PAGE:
if translated as such by normal in French. It was therefore
There are several examples of such adaptation in the SF36, such as the transposition of walking one block to a notion
of approximate distance, as the French urban layout renders
the American expression meaningless, or the addition of
douche (shower) to item 3j to avoid nonresponse by subjects
in France where showers are more common than baths.
Other changes were made to maintain the desired linguistic
register. For instance the word phrase (sentence) was preferred to the word affirmation (statement) to translate statement in GH 2-5 because the latter term in French would
probably not be understood by all respondents. One instance of another sort of modification can be seen in the
rendering of compared to one year ago (HT), which was
translated by par rapport l’année dernière à la même époque (in
comparison with last year at the same time/period). This translation was preferred to the stricter rendering par rapport à il
y a un an, which, although shorter, is not so immediately
clear (the accumulation of short words in French, unlike
English, does not necessarily make for clarity), as the English version does not refer back to an exact date in the calendar. Another example of stylistic consideration taken
into account would be the avoidance in French of the conditional in the rendering of would you say, translated by
pensez-vous (do you think), because the conditional diriezvous in French is rather too formal. On the other hand, the
redundancies characteristic of English were on the whole
maintained in French, especially in cases in which the
translation posed a problem (for instance, downhearted and
blue translated by triste et abattu[e]).
Finally, the translation of the SF-36 imposed constraints
that were sometimes difficult to reconcile with a “good” rendering in terms of French style. For example, the RC in question 9 (VT and MH) are relatively complex because the
verbs required are pronominal and because the feminine
agreement option was also necessary (a female respondent in
French could feel excluded if this were not provided, which
could influence the way in which she responds).
Another example of a difficulty typically arising in the
translation of English questionnaires into French is the rendering of expressions such as how well, how much, and how
true or false, which have no neat equivalent in French. For
example, in BP1, how much bodily pain becomes quelle a été
l’intensité de vos douleurs physiques, as the quantitative combien (how many) with a plural (believed to be necessary in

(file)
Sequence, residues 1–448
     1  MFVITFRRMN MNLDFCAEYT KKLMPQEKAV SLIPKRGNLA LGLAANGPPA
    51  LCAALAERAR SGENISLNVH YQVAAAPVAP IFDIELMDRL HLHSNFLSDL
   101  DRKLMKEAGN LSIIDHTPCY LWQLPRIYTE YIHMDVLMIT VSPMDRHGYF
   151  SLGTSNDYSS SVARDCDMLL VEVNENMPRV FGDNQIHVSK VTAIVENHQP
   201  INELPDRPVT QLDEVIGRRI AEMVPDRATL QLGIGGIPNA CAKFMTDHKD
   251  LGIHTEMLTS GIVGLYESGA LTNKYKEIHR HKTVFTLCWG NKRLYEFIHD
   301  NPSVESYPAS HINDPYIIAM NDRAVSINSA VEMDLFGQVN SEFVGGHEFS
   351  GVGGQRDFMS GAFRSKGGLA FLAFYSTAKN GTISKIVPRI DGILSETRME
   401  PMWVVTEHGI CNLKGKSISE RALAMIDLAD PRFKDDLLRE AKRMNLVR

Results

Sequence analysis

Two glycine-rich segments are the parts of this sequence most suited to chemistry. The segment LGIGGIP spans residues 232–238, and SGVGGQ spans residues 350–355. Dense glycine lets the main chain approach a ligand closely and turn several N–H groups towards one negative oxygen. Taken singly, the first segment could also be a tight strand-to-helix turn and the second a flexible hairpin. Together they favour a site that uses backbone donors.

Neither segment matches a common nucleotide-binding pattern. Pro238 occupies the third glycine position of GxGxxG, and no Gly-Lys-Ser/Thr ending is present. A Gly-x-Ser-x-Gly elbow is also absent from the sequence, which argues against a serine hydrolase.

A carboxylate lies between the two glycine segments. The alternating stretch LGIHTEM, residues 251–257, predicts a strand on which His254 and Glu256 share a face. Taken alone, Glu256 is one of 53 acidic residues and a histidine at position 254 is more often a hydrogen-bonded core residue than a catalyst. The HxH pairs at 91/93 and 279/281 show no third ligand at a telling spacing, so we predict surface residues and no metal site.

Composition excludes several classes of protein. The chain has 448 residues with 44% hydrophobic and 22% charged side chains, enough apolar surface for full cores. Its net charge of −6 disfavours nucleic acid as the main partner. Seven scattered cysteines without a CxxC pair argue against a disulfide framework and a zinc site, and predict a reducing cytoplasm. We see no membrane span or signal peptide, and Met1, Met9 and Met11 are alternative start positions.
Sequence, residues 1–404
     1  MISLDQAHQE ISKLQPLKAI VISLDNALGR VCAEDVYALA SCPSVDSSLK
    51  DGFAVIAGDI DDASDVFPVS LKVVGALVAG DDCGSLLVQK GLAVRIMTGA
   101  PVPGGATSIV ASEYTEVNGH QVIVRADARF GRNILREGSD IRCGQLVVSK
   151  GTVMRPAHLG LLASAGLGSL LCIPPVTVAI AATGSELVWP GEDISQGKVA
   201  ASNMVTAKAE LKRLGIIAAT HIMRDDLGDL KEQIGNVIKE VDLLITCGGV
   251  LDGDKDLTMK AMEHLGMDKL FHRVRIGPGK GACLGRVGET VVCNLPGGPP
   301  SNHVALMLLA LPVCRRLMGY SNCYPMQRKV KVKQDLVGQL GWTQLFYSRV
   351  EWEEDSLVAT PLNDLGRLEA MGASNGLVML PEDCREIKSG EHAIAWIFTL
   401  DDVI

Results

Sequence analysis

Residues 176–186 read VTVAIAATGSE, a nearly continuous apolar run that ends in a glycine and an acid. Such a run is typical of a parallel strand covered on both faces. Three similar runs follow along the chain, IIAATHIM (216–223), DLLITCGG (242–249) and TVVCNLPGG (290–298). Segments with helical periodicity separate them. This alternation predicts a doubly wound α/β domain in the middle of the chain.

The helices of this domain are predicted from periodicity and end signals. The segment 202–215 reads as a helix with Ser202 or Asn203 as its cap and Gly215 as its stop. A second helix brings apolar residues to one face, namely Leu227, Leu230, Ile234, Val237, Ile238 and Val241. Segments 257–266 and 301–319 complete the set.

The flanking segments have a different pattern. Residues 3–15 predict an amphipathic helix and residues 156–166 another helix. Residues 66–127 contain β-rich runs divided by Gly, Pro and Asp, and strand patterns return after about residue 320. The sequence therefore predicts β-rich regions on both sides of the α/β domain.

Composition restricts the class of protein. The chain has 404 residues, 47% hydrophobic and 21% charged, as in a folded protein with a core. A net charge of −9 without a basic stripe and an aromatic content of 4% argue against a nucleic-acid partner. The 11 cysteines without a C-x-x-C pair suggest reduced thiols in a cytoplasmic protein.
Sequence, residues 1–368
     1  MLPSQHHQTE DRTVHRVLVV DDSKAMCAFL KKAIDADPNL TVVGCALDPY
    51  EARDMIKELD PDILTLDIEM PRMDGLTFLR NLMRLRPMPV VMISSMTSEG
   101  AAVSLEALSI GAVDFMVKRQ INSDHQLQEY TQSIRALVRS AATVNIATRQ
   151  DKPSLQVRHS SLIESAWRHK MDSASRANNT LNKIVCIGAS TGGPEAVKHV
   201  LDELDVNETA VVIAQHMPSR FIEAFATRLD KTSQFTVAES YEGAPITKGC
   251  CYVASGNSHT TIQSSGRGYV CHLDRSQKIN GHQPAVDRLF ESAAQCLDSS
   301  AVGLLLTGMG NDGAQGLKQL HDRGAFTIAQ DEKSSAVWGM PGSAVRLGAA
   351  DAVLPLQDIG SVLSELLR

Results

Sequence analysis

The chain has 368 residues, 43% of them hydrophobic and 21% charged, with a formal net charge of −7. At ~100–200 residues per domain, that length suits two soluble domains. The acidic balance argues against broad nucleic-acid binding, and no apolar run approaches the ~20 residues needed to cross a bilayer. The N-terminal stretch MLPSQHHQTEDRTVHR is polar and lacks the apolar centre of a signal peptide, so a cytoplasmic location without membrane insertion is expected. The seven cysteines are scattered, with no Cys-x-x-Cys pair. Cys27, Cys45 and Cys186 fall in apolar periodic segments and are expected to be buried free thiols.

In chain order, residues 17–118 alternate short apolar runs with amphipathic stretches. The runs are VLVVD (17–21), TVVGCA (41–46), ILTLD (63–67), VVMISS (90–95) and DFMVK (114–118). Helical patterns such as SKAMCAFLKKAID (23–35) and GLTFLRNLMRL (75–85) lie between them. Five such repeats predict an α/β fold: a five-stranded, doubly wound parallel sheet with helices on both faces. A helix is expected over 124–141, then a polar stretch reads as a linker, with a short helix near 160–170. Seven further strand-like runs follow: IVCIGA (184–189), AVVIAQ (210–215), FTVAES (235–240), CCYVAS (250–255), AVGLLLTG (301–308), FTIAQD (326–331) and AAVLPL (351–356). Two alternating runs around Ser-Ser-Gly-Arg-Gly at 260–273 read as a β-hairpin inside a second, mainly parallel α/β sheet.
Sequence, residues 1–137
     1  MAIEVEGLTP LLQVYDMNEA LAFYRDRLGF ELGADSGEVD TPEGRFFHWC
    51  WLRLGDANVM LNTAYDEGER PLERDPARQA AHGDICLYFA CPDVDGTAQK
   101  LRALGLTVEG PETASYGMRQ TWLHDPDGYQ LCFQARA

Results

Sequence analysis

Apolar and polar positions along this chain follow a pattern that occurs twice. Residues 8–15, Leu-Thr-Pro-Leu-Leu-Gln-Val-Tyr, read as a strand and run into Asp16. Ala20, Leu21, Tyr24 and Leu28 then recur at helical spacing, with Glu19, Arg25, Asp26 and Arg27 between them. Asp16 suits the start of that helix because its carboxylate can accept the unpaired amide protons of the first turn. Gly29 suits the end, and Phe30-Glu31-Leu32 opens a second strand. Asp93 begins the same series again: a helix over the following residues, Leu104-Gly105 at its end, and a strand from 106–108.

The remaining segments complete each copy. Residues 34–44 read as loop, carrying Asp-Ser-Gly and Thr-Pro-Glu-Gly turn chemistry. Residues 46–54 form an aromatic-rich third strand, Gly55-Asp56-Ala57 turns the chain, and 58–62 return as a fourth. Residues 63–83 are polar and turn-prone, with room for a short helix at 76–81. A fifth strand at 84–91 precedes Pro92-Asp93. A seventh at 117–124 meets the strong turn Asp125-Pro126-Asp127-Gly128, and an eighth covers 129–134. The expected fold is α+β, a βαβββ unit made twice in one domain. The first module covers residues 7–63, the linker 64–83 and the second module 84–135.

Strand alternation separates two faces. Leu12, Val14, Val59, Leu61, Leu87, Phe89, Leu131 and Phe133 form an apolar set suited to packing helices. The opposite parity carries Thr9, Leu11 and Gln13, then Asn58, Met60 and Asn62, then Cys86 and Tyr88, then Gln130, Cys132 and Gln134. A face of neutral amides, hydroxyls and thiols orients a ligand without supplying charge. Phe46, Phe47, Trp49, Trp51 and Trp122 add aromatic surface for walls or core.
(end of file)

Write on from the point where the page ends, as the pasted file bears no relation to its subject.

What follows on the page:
French) suggests number or frequency rather than degree or
intensity. In GH 2-5, a similar problem with translating
how true or false was met by a fairly colloquial French expression dans quelle mesure (to what degree).
Transition from Version 1.1 to 1.3
Version 1.1 had been put to immediate use in several phase
IV clinical studies in populations suffering angor or arthritis


(the results of these studies have been presented elsewhere
[22,23]). Although analysis of results from these studies was
very encouraging, one issue remained: The factor analysis
did not group the dimensions of the French version in the
same manner as in the source version. In the first population (suffering from angor), dimensions with a correlation
coefficient above 0.7 were for axis I: MH, VT, and GH, and
for axis II: RP and RE. In the other group(suffering from arthritis), the dimensions with correlation with axis I above
0.7 were RP, RE, and with axis II, PF, VT, and GH. It is the
absence of distinction between RE and RP that posed the
biggest problem. The significance of these results was discussed with the American team, with the help of the backtranslations. It appeared that the translation of limited by
gêner (bothered) did not conform to the intentions of the
American authors, which led to the decision to replace
gêner as a rendering of limited or interfered by limité in questions PF, RP, and BP, to emphasize the “physical” nature of
such a limitation or interference. The back-translations led
also to alteration of response choices for question GH1. Initially, the response choices chosen were those that achieved
the most equal spacing possible on empirical tests (excellente, très bonne, bonne, moyenne, mauvaise). But application of this rule did not minimize deviation between the
French version and the MOS SF-36 reweighted intervals.
The problem probably arose from the fact that a word
(here, moyenne) is not subjectively perceived in the same
manner from one person to another: We have observed
that moyen is considered by some people to refer to something rather less than desirable, by others to something acceptable or even a little on the better side. The word médiocre was selected (excellente, très bonne, bonne, médiocre,
mauvaise) as being more accurately positioned between
bonne and mauvaise, which led to version 1.2 of the instrument. A number of other formal or stylistic alterations suggested by users or attentive readers were made, finally producing version 1.3, which is discussed here.
Descriptive Statistics of Items
In the sample of 206 respondents, the amount of missing
data was very small, as only 0.5% of all the answered questions received no response, which indicates that the questionnaire has good acceptability (see Table 1). These missing data were spread evenly over the different scales. On
account of the treatment recommended for missing data in
MAP-R (the patient is not taken into account in the analysis if in any one dimension or scale more than half the responses are missing), only one subject was excluded from the